Roxanne Dryden-Edwards, MD
Dr. Roxanne Dryden-Edwards is an adult, child, and adolescent psychiatrist. She is a former Chair of the Committee on Developmental Disabilities for the American Psychiatric Association, Assistant Professor of Psychiatry at Johns Hopkins Hospital in Baltimore, Maryland, and Medical Director of the National Center for Children and Families in Bethesda, Maryland.
Melissa Conrad Stöppler, MD
Melissa Conrad Stöppler, MD, is a U.S. board-certified Anatomic Pathologist with subspecialty training in the fields of Experimental and Molecular Pathology. Dr. Stöppler's educational background includes a BA with Highest Distinction from the University of Virginia and an MD from the University of North Carolina. She completed residency training in Anatomic Pathology at Georgetown University followed by subspecialty fellowship training in molecular diagnostics and experimental pathology.
In this Article
- Agoraphobia facts
- What is agoraphobia?
- What causes agoraphobia?
- What are the symptoms of agoraphobia?
- What are the risk factors for agoraphobia?
- When should one seek medical care for agoraphobia?
- How do physicians diagnose agoraphobia?
- What is the treatment for agoraphobia?
- What are the complications of agoraphobia?
- What is the prognosis for agoraphobia?
- Is it possible to prevent agoraphobia?
- Is there coping and support information for both agoraphobia patients and their family members and loved ones?
- Find a local Psychiatrist in your town
What is agoraphobia?
A phobia is generally defined as the unrelenting fear of a situation, activity, or thing that causes one to want to avoid it. The definition of agoraphobia is a fear of being outside or otherwise being in a situation from which one either cannot escape or from which escaping would be difficult or humiliating.
Phobias are largely underreported, probably because many phobia sufferers find ways to avoid the situations to which they are phobic. The fact that agoraphobia often occurs in combination with panic disorder makes it even more difficult to track how often it occurs. Other facts about agoraphobia include that researchers estimate it occurs in less than 1% to almost 7% of the population and that it is specifically thought to be grossly underdiagnosed.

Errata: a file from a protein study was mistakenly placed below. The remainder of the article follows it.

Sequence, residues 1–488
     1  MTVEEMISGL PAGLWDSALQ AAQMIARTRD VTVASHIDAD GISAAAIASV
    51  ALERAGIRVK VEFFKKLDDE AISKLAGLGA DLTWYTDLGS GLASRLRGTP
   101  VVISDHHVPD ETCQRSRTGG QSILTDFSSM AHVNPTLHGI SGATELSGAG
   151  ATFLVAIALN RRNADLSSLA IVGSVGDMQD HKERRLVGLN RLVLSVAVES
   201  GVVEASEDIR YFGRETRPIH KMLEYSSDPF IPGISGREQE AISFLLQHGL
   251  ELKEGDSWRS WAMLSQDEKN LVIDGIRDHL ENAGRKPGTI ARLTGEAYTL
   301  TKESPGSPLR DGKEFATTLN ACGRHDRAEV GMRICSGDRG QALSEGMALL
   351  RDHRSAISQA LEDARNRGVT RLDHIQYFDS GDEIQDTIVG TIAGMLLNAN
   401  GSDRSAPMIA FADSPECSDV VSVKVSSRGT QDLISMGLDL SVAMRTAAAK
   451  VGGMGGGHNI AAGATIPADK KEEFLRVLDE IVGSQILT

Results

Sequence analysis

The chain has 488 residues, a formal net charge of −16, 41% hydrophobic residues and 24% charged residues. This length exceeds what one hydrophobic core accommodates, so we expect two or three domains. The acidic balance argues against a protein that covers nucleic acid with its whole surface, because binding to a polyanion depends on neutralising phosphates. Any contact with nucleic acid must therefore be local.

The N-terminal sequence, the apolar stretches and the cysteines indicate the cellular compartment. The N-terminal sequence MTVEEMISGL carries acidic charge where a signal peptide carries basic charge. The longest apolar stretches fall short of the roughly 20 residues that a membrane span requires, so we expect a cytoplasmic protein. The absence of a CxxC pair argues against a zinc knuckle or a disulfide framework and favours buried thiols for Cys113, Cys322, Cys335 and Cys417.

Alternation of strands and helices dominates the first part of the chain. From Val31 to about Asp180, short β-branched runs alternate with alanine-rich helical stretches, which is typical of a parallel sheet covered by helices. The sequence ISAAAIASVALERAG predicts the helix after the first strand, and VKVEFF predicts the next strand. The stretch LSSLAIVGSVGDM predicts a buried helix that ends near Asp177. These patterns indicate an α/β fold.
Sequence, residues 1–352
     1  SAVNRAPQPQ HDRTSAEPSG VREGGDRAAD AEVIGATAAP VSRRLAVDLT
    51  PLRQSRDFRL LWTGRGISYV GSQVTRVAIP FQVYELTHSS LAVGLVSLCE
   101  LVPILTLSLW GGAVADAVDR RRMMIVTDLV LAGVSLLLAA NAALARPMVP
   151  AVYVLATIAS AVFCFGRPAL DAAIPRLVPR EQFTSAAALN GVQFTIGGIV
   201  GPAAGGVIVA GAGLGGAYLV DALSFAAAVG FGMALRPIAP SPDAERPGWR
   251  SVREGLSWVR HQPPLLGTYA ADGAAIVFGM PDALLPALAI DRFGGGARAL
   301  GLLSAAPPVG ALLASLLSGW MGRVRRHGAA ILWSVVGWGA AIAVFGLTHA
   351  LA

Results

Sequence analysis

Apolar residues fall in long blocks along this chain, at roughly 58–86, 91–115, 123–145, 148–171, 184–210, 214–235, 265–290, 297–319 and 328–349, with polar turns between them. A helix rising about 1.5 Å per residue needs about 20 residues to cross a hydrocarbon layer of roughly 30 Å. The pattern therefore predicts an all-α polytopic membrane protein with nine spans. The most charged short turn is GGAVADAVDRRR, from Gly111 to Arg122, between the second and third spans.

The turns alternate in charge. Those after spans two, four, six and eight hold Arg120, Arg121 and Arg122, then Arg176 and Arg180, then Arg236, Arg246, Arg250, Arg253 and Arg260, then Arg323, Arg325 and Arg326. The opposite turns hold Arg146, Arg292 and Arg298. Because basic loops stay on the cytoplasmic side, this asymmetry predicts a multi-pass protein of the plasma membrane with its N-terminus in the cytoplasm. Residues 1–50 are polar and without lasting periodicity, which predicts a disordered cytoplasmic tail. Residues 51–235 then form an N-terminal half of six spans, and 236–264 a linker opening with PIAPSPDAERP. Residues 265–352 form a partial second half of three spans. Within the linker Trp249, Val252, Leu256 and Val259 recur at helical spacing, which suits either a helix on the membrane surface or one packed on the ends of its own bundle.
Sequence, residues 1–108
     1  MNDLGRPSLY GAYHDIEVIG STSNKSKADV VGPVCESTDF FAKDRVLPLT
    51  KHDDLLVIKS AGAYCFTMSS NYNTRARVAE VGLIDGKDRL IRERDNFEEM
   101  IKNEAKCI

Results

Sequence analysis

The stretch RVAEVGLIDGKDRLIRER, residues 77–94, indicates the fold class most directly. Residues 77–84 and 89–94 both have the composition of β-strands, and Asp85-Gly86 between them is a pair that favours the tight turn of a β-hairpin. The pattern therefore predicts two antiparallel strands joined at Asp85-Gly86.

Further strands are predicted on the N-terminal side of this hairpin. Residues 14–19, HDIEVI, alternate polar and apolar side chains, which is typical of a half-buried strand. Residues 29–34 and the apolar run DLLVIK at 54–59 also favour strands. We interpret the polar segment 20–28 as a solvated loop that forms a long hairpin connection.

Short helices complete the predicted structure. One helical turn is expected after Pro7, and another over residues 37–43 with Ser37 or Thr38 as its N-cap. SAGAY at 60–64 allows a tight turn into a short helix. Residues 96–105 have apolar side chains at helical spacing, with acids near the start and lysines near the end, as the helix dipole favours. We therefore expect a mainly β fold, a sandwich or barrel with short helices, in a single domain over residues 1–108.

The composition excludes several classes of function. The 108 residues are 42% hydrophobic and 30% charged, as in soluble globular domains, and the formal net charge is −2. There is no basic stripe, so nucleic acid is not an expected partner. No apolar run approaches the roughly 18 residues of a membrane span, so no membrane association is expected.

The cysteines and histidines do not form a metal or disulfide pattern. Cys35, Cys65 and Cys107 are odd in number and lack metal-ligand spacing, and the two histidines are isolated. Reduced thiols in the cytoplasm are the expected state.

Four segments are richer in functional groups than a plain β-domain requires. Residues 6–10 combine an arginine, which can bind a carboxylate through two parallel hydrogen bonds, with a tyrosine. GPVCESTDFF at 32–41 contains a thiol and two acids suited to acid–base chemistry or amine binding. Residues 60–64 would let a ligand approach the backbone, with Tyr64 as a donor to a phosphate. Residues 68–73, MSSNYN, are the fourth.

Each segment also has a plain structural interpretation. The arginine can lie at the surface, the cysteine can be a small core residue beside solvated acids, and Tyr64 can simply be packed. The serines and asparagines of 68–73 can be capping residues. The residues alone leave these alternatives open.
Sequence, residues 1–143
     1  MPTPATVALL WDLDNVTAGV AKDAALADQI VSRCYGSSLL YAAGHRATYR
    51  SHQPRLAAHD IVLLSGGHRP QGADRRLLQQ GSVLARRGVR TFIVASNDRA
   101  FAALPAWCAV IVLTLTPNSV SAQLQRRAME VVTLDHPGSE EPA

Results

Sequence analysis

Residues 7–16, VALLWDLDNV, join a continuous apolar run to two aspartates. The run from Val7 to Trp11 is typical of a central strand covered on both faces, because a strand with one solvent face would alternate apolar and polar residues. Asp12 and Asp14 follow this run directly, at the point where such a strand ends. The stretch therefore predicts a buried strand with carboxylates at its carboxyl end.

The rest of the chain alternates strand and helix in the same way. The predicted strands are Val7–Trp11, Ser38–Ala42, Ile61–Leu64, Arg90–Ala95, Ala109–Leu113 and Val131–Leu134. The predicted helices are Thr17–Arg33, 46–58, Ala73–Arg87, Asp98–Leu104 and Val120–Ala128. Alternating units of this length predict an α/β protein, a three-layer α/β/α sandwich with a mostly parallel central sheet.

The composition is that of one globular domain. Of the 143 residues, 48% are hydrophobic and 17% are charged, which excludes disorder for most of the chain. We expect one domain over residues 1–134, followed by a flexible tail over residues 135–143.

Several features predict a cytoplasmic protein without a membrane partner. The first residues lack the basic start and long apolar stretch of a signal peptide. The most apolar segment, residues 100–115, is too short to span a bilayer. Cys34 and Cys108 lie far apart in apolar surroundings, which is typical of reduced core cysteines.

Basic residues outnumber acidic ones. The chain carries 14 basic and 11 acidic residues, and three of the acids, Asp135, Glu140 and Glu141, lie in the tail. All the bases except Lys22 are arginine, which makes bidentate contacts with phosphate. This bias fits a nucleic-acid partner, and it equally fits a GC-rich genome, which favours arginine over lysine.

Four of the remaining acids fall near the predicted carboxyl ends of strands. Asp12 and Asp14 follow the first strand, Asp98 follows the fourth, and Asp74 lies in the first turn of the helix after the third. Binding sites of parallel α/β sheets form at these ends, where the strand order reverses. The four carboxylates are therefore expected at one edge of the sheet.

What causes agoraphobia?
There are a number of theories about what can cause agoraphobia. One hypothesis is that agoraphobia develops in response to repeated exposure to anxiety-provoking events. Mental-health theory that focuses on how individuals react to internal emotional conflicts (psychoanalytic theory) describes agoraphobia as the result of a feeling of emptiness that comes from an unresolved Oedipal conflict, which is a struggle between the feelings the person has toward the opposite-sex parent and a sense of competition with the same-sex parent. Although agoraphobia, like other mental disorders, is caused by a number of factors, it also tends to run in families, and for some people, may have a clear genetic factor contributing to its development.
What are the symptoms of agoraphobia?
The symptoms of agoraphobia include anxiety that one will have a panic attack when in a situation from which escape is not possible or is difficult or embarrassing. Examples of such situations include using public transportation, being in open or enclosed places, being in a crowd, or outside of the home alone. The panic attacks that can be associated with agoraphobia, like all panic attacks, may involve intense fear, disorientation, rapid heartbeat, dizziness, or diarrhea. Agoraphobic individuals often begin to avoid the situations that provoke these reactions. Interestingly, the situations that people with agoraphobia avoid and the environments that cause people with balance disorders to feel disoriented are quite similar. This leads some cases of agoraphobia to be considered as vestibular function (related to balance disorders) agoraphobia.
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